In his essay, “The American Action Painters,” Harold Rosenberg wrote, “At a certain moment the canvas began to appear to one American painter after another as an arena in which to act—rather than as a space in which to reproduce, redesign, analyze or ‘express’ an object, actual or imagined. What was to go on the canvas was not a picture but an event.” For Rosenberg, Pollock’s work was an heroic act which existed in three-dimensional space and unfolded over time. Arguably, Rosenberg’s understanding of Pollock’s work was influenced by Hans Namuth’s paintings of Pollock, painting:

Clement Greenberg, on the other hand, was appalled that Rosenberg would look at anything other than the painting itself when making a critical judgment. In Greenberg’s eyes, Pollock’s work is important because it reached the height (oops, look at that pun) of flatness. Pollock’s paintings were impenetrable, with no reference to three-dimensional space, whatsoever. In “American-Type Painting,”  Greenberg wrote that Pollock “had literally pulverized value contrasts in a vaporous dust of interfused lights and darks in which every suggestion of a sculptural effect was obliterated.”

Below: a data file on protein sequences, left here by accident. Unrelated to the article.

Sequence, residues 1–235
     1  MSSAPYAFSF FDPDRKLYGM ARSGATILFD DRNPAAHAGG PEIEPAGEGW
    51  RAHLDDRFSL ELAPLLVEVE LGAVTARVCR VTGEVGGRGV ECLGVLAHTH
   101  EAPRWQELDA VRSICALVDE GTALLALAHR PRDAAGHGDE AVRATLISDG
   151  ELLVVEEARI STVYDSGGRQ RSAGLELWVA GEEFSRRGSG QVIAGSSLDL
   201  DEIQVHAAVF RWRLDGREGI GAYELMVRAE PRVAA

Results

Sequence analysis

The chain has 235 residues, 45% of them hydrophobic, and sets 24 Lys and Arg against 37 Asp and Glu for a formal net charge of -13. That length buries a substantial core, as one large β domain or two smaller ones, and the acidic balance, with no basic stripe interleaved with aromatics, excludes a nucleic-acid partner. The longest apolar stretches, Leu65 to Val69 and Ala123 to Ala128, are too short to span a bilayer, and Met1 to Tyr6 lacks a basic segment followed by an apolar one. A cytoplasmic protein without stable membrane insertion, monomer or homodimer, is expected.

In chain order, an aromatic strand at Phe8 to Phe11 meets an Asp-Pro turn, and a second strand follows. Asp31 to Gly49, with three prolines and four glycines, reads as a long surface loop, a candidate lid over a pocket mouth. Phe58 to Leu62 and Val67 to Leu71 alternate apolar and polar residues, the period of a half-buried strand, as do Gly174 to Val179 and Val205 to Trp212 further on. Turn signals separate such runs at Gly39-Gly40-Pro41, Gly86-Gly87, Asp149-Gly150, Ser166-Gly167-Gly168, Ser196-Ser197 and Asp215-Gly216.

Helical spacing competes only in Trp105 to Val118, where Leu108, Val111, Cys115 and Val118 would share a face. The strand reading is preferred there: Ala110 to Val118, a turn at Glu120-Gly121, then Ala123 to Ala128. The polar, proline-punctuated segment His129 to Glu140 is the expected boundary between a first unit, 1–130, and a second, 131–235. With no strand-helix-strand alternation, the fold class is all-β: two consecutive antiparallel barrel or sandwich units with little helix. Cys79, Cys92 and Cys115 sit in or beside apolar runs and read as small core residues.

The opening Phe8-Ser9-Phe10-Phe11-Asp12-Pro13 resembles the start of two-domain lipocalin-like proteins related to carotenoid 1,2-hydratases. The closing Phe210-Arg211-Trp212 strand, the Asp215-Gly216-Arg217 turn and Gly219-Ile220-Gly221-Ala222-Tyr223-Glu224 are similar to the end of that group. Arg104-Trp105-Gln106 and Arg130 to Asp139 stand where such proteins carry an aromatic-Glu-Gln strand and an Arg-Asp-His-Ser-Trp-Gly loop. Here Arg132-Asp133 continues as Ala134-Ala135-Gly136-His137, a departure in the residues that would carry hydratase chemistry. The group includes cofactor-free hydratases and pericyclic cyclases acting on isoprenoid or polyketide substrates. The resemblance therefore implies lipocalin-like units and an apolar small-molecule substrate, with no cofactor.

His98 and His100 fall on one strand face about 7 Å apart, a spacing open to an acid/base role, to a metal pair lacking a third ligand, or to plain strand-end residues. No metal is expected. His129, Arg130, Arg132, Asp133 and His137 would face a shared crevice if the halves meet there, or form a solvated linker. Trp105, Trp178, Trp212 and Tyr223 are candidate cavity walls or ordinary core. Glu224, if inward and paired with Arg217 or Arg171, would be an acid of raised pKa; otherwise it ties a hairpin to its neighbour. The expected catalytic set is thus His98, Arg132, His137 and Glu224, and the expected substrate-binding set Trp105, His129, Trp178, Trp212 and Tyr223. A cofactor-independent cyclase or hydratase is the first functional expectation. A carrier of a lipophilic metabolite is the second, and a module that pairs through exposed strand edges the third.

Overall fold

In the late 1970’s, Namuth’s photographs are published as a book, and Rosalind Krauss’s accompanying essay teases a bit more out of the Greenberg v. Rosenberg debate. Krauss discusses an article by Jean Clay in which he argues that the Namuth photographs should be read as critical documents in and of themselves (as opposed to being understood as neutral journalistic photographs). Clay suggests, and Krauss agrees, that the composition of the photographs, and in particular the placement of Pollock within the images, supports an understanding of Pollock’s work as about the relationship of the human figure to an impenetrable field. Krauss writes, “The photographs, then, recreate the space of all-over pattern in which the human figure can barely exist, or in which its relationship to gravity, to a solid foundation, is made equivocal at best.”